The state-of-the-art material, located somewhere between solid and fluid, will heal wounds with much less pain and reduce the risk of life-threatening infections.

Massachusetts General Hospital in Boston. Josh Reynolds / Washington Post

Scientists at Massachusetts General Hospital have developed a breakthrough bioengineering burn treatment that allows wounds to heal with less pain and reduces the risk of potentially life-threatening infections. A treatment that uses a material known as a hydrogel was announced next to the hospital on Monday.

This the most modern biomaterial, the first of its kind, is particularly useful for re-dressing wounds in patients who have experienced second-degree burns. It is based on an environmentally friendly, non-toxic approach that aims to eliminate many of the potentially harmful chemicals used in traditional wound dressings.

Hydrogels are usually placed directly on the wound and covered with gauze or other protective dressings. They contain a network of polymers linked together to form a mesh of highly absorbent material. The idea is to create an environment around the wound that retains water. As MGH said, humid environments like these accelerate wound healing.

Most current dressings adhere to the wound and need to be removed, sometimes surgically, resulting in “delayed healing and traumatization of newly formed tissue, not to mention excruciating pain for the patient,” O. Berk Mouth of the Center for Engineering in Medicine and Surgery at MGH, said in a statement .

To find a new solution, researchers at MGH teamed up with a team at Tufts University. Their goal was to develop a hydrogel that a physician could dissolve quickly and on demand, reducing the need for painkillers, opioids, and longer hospital stays that could cause significant dents in a patient’s wallet.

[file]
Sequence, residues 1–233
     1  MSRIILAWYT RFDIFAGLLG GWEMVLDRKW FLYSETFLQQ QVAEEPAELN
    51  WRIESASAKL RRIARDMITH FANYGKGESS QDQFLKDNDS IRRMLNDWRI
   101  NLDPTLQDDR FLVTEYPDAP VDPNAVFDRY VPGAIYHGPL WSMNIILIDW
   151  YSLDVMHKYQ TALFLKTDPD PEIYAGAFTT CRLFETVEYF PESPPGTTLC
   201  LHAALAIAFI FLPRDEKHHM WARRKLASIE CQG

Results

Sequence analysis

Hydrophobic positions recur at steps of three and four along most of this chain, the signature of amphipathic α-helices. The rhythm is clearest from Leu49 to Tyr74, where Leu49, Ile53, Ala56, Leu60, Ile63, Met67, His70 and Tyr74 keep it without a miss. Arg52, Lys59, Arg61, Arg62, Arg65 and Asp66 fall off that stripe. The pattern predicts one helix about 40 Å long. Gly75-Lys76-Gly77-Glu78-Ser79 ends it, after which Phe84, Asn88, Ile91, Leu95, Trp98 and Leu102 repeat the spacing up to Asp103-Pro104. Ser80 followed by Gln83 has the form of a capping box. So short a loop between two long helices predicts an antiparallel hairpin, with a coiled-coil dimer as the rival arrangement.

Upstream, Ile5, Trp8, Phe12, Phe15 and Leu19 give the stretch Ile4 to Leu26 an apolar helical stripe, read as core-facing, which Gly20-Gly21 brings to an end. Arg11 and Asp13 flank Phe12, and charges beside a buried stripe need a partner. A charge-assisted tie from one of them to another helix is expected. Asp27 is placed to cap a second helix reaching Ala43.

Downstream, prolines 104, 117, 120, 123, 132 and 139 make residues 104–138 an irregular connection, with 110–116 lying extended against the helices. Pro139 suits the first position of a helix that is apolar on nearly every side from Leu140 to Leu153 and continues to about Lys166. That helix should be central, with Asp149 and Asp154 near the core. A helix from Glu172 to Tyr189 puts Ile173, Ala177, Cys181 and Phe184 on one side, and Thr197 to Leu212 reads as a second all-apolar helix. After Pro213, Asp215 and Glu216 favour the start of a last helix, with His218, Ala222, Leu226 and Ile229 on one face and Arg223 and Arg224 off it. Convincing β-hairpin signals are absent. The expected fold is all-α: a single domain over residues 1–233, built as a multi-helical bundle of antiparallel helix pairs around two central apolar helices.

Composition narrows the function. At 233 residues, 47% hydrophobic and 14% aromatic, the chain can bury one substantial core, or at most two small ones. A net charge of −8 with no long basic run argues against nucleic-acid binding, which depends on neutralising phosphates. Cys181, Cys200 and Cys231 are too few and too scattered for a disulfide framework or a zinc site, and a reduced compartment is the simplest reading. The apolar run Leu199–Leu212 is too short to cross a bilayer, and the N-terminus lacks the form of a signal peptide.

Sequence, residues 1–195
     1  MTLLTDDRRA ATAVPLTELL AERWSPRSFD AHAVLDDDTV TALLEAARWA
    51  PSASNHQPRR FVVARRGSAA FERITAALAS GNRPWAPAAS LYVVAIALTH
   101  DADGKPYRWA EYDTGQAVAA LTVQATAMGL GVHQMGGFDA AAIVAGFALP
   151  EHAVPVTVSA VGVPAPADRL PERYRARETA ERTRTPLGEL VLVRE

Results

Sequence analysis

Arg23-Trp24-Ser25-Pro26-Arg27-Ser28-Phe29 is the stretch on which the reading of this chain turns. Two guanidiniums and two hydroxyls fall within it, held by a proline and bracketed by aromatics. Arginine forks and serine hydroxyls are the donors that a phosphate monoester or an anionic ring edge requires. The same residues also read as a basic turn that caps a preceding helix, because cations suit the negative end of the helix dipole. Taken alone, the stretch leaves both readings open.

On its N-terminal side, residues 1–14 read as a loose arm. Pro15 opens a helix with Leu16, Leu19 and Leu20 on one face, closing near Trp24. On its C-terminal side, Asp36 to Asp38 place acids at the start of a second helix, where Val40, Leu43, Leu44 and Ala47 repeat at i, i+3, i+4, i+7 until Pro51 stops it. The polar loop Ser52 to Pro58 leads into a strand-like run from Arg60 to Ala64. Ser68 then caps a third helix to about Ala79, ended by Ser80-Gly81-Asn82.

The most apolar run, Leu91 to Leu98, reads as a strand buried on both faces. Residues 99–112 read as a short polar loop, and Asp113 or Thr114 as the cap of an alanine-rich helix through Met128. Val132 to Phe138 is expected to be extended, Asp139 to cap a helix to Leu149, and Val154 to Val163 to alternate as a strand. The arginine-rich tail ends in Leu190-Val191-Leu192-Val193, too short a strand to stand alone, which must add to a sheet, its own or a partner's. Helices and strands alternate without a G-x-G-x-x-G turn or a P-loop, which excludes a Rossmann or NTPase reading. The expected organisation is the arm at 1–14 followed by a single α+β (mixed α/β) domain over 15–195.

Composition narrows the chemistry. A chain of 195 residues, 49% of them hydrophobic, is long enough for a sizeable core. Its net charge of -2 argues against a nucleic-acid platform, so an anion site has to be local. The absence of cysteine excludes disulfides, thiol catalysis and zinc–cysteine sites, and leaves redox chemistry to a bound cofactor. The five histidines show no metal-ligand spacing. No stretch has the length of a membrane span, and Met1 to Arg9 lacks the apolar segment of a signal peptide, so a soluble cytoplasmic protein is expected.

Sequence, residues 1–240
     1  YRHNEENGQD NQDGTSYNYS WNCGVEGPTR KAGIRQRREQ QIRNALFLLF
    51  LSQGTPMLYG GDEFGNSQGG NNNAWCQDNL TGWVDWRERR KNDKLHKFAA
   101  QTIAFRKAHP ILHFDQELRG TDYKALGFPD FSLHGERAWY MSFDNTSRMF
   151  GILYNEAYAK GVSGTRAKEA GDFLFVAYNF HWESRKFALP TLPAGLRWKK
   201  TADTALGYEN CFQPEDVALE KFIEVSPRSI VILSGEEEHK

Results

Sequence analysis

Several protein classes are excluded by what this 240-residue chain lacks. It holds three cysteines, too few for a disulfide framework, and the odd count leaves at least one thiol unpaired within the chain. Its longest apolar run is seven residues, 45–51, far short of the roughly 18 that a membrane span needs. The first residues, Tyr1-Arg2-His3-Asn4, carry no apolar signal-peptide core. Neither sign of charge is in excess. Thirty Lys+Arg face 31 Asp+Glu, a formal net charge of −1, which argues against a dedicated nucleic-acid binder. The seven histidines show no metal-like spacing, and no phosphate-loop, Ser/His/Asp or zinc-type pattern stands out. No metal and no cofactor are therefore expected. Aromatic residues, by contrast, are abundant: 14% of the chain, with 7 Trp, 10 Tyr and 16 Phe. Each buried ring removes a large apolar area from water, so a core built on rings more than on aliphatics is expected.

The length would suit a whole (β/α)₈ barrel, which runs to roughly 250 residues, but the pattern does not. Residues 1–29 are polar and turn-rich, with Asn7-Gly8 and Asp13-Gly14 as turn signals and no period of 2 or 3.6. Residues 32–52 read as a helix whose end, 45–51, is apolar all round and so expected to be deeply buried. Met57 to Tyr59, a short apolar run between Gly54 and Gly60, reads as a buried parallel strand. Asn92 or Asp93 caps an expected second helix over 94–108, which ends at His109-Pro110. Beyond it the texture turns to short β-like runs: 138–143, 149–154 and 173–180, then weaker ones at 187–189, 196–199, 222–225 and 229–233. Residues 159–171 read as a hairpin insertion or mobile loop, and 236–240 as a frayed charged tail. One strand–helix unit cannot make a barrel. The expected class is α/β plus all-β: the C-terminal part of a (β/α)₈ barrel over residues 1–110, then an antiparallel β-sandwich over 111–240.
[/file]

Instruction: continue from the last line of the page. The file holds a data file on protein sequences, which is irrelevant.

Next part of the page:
According to MGH, the new hydrogel they created can be dissolved in less than five minutes with a solution that breaks down its molecular structure without any negative effects on nearby skin cells. The material is somewhere between solid and liquid, mixing the properties of both.

The first time the treatment is applied, doctors can create a protective wound barrier in just 15 seconds. The hospital said current hydrogel preparation methods are long-lasting and potentially dangerous.

“Hydrogel dressings for fast and healthy burn wound healing have been around for years, but they are far from ideal and are an area of ‚Äč‚Äčintense research by scientists and bioengineers,” said Ayse Aslihan Gokaltun, surgery instructor at MGH and Harvard Medical School, in a statement.

The newly developed hydrogel not only offers a number of benefits to doctors and patients, but may soon be available in the wider consumer market.

“The simple and quick method we developed to synthesize and assemble the hydrogel components will allow for large-scale production and low-cost commercialization,” Tufts scientist Ayse Asatekin said in a statement. “And that will pave the way to translating this groundbreaking science into real therapeutic application in an area where there is still no recognized standard of care.”

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#Scientists #MGH #bioengineers #developing #kind #burn #treatment

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